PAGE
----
On average, muffins bought on-the-go at railway station food outlets had 19 per cent more sugar per portion and were almost a third bigger than those bought in supermarkets. Meanwhile, 61 per cent of all the muffins included in the survey contained six teaspoons of sugar or more, which is the upper daily limit for a child aged seven to ten years old.
McDonald’s blueberry muffins and Pret A Manger double berry muffins both have eight teaspoons in a typical portion. This compares to three teaspoons each in M&S blueberry muffins and four teaspoons per muffin in Co-op Bakery blueberry muffins. The Pret a Manger muffin was also the largest portion size of those surveyed, at 124g – almost twice the 64g on offer at the Co-op. A can of Coke typically contains around seven teaspoons of sugar.
It is recommended that children aged four to six years have no more than the equivalent of five teaspoons of sugar per day, no more than six teaspoons for those aged seven to ten and no more than seven for those aged 11 years and upwards. Adults are also advised not to consume more than the equivalent of seven teaspoons a day – less than the amount found in a Costa blueberry muffin.
Caroline Cerny, Obesity Health Alliance lead, said: “We may think grabbing a blueberry muffin is a reasonably healthy option for a snack on the go compared to other cakes or a chocolate bar – yet the figures suggest otherwise. There is huge variation in both the size of muffins and the sugar content, and with limited nutrition labelling it’s all too easy to eat a huge amount of sugar in just one serving.
“Some of the muffins on sale have twice as much sugar than others. This shows that it is possible for industry to significantly reduce sugar even in their most sugary products to help us all make healthier choices. Industry must step up to the plate and take responsibility for making the food they produce healthier.”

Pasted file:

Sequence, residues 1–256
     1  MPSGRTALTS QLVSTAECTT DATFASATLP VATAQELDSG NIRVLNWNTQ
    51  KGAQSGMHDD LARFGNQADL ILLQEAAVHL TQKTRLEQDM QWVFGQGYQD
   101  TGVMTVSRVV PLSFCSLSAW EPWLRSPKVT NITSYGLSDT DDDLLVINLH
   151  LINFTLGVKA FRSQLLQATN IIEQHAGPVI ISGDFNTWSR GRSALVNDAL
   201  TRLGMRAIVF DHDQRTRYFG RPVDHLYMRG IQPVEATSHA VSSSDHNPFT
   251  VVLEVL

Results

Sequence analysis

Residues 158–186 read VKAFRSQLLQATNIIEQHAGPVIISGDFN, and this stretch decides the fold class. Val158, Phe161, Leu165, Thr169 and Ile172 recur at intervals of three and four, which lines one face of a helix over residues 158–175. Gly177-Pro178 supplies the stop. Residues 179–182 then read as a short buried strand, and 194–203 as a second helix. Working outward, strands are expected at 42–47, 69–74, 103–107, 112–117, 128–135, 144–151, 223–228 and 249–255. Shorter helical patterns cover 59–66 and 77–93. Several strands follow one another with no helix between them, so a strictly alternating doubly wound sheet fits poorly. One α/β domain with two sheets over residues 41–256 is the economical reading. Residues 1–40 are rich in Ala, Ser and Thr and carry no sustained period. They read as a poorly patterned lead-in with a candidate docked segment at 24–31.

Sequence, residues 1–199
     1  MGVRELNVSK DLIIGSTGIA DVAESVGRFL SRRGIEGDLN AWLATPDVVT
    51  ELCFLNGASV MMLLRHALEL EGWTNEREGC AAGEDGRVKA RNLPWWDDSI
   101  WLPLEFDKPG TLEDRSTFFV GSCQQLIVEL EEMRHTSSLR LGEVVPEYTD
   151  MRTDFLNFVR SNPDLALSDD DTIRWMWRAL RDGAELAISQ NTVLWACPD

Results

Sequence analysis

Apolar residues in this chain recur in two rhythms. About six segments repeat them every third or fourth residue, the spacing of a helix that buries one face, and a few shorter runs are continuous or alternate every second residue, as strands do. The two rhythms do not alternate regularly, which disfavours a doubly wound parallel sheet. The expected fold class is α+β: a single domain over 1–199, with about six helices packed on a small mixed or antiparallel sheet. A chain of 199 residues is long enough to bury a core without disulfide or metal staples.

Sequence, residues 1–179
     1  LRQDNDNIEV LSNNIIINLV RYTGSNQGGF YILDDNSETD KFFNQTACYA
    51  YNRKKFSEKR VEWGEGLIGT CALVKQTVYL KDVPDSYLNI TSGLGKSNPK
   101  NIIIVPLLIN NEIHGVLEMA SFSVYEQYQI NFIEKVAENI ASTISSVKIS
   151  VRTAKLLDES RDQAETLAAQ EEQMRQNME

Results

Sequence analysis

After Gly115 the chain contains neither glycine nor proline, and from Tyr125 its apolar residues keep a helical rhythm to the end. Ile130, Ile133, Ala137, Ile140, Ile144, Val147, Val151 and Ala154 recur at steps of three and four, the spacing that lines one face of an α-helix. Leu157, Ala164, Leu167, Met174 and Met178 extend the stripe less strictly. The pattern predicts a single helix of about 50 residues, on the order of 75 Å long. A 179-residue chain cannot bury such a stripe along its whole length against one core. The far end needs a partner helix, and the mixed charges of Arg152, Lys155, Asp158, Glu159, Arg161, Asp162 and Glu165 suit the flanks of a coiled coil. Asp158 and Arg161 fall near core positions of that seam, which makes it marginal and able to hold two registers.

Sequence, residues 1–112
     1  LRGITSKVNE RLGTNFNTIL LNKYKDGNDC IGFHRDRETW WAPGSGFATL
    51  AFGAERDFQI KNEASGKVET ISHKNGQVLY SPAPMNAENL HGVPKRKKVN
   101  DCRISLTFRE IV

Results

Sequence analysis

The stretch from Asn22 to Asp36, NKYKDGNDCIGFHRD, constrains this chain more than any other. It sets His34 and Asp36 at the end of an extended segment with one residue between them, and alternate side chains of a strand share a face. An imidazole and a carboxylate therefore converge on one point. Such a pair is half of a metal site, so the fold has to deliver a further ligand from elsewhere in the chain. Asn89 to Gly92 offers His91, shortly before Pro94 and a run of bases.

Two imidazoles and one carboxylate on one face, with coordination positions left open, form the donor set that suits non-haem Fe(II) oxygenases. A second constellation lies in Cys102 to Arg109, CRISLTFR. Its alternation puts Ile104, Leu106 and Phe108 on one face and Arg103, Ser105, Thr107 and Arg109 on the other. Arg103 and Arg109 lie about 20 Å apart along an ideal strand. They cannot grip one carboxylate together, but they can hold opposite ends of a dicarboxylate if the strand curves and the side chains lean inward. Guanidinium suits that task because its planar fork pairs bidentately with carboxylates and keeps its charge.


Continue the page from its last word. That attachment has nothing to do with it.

The two groups are calling for manufacturers to reduce sugar in line with the UK government’s plans to cut sugar in common products by 20 per cent by 2020. They also want all “out of home outlets” such as cafes and supermarkets to be transparent about the nutrition content of products by making “traffic light” nutrition labelling available to consumers at the point of sale.
The report also found that there is also lack of nutrition labelling on products sold at popular outlets in train stations such as AMT Coffee, Delice de France, Patisserie Valerie, Pumpkin, Ritazza and Upper Crust and in supermarket bakeries, meaning consumers are in the dark about exactly what they are eating.
Nutritionist Kawther Hashem, from Action on Sugar, said: “During the Easter holidays, if families are travelling through these busy stations and buy blueberry muffins from one of the outlets available, those kids would likely be consuming almost their entire recommended limit of sugar that day, if not more. And worryingly, it’s very difficult to know exactly what’s in these products as there is often no clear nutrition information at the point of sale.”